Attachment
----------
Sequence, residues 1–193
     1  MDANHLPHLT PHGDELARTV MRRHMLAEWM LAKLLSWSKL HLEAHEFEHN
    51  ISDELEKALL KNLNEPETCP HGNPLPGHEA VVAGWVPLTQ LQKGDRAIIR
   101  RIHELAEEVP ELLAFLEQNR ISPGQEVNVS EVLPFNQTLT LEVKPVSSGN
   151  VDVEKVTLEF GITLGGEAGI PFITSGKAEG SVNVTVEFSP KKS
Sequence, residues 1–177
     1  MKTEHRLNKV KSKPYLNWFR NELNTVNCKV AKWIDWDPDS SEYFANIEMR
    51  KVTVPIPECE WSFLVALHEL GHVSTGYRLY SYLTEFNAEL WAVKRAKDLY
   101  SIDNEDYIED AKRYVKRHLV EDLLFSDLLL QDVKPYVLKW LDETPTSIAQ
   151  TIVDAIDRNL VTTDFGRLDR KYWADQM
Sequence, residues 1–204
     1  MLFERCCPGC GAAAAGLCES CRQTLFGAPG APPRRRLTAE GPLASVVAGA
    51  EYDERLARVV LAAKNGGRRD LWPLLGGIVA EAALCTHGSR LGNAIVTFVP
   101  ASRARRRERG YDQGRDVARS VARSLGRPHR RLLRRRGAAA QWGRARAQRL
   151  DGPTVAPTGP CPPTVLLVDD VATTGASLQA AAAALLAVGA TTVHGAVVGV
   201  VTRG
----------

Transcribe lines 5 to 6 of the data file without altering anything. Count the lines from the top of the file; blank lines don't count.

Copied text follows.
   151  VDVEKVTLEF GITLGGEAGI PFITSGKAEG SVNVTVEFSP KKS
Sequence, residues 1–177